Where Are the Prophets?
To those readers who are not into church leadership this post might sound like “inside baseball.” Stick with me, though, and you may find this of interest/ value. Hope so.
Last week I was in Atlanta to speak at an event for clergy of the Atlanta Diocese of the Episcopal Church. There Bishop Rob Wright has been working hard on themes of “adaptive leadership,” drawing on the work of Ron Heifetz (Kennedy School of Government).
I too have found Heifetz’s work very helpful. I often utilize his distinction between “technical problems” and “adaptive challenges.” The former rely for solution on outside experts. “Call the plumber.” Adaptive challenges require the people with the problem to do the work. “Gee, you mean I have to change? Learn? Grow?”
Living in the midst of a technical culture, we opt to frame most everything as a technical problem. “Hey, doc, just give me a pill.” Versus, “Hey, patient, change your life — your diet, stress, thinking and exercise.”
That’s a quick and dirty on the seminal Heifetz distinction. It’s important in all areas of life and applicable to all human organizations. We’ve come to think quick fixes with some expert or technique doing the work is the norm. We avoid those challenges that call for longer term engagement and deeper work. But not everything — in fact most of the really important things — can be addressed with a quick fix or an easy answer. There is no pill that the declining or dysfunctional congregation can take. And getting a different pastor isn’t a magic solution either. (There’s a joke among church consultants that what congregations want us to do is, “Fix Everything, but Change Nothing.”)
Back to the Atlanta Diocese, where the Bishop has been pushing “Adaptive Leadership.” And getting some push-back. Some of the push-back has been, “Adaptive leadership is business language, corporate culture-talk.”
So I suggest changing out “Adaptive Leadership” for “Prophetic Leadership.” What did the prophets do? Mostly, they pointed out the gaps between what God’s people said and what they actually did. Which is a dangerous line of work. Dangerous but necessary.
For a long time, mainline religious leaders have thought of prophets as mainly being about social justice and political powers. Prophet Nathan calling King David to account. Martin Luther King challenging America to live up to it’s ideals. Jim Wallis faulting U.S. spending priorities.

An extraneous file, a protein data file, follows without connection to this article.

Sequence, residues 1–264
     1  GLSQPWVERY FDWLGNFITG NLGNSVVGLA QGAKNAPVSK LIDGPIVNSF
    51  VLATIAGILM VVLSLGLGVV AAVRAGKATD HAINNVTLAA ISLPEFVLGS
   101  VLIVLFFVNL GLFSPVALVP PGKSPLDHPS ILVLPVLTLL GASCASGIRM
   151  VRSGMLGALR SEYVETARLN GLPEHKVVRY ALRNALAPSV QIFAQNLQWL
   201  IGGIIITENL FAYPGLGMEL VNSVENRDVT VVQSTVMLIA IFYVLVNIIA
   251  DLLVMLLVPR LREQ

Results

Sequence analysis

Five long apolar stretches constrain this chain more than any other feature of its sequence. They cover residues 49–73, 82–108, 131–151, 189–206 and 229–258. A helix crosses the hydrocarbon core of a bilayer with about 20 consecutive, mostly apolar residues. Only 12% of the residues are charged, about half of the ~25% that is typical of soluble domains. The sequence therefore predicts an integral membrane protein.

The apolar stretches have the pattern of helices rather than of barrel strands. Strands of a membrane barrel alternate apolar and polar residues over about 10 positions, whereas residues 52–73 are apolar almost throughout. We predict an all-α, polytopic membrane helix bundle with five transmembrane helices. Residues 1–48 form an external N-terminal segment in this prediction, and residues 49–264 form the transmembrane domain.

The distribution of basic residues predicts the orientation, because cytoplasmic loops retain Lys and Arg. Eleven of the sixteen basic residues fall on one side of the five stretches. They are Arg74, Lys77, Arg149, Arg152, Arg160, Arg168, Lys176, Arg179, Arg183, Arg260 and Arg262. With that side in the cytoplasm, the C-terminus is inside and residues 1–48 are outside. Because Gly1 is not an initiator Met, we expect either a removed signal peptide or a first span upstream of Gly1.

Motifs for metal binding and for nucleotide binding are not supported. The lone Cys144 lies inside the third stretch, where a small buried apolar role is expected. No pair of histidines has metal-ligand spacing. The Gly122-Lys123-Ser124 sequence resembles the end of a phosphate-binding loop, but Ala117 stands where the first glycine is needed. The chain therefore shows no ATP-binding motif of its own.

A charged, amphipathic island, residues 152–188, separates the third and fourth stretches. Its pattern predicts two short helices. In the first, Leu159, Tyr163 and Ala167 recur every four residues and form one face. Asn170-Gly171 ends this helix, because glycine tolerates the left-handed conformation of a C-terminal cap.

The problem with thinking that this societal focus is what “prophetic ministry” is all about is we overlook the responsibility of leaders/ clergy to be prophetic in and to the community of faith, i.e. the church. By the way, Jesus mostly directed his prophetic challenge exactly there — to his community of faith, Judaism. He really wasn’t focused on getting the Romans to be nicer tyrants.
So — cutting to the chase — we need a lot more parish pastors to be prophets, not to the wider culture or political leaders, but to their own congregation, to the churches. And that doesn’t mean saying, “Hey, you guys are racists.” It means challenging the church to be more faithful and fruitful.
Prophetic leadership means asking the questions that are basic yet neglected. “Why are we here?” “What’s our purpose?” “What are we trying to do?” “Who are we serving, and who are we called to serve?” Prophetic leadership means noticing the gaps, the gaps between what we say and what we do.
In these days of mainline shrinkage many churches have become clubs. (And the church building a clubhouse.) In the church qua club, the main purpose becomes the comfort and satisfaction of the members. This may be jolly, but it is not the church of Jesus Christ. The church, bottom line, is about changing lives. Prophetic leaders remind the church that it is not a club for the benefit of the members.
Prophetic leadership is only possible when a minister has also done her pastoral and priestly work. If I haven’t sat at your kitchen table to listen or by your hospital bed to pray during the week, I have no business standing in the pulpit with a word of challenge.
Bottom line, too many clergy get the pastor/ priest part — serving felt needs, providing religious goods and services, keeping things going (most of which is important and necessary) — but it is not leavened with prophetic leadership. This includes asking good questions, challenging assumptions, asking “why do we do things this way?” “Tell me again, why our church is sponsoring a golf tournament?”
Why has prophetic ministry in and to the congregation gone missing? My hunch — too many clergy think their job description is to be “Rev. Nice,” to be the most loving, patient, caring person in the known world. But this job is more complicated, interesting and dangerous than that. It’s a both/ and. Loving people and challenging them. Or as Reinhold Niebuhr put it, “Comforting the afflicted and afflicting the comfortable.” (footnote: we are all both, the afflicted and the comfortable.)
Not long ago, I did a session with Seattle Parks of “diversity training.” One of the guideline/ ground rules was, “Expect to be uncomfortable.” I kind of think that people in the church today have come to expect not only that they will be comfortable, but should be comfortable. Moreover, that it is the job of the clergy to make sure that they are comfortable. Well, where in the world did we ever get that idea?
Not from Jesus.
The church and the churches need leaders who are prophetic not just about how America falls short and protects vested interests, but about how a particular congregation has gaps between professed values and actual behavior, gaps between who we are and who God has called us to be, with the possibility of being more and different.
To quote the hymn, “God of the Prophets, send us prophets now.”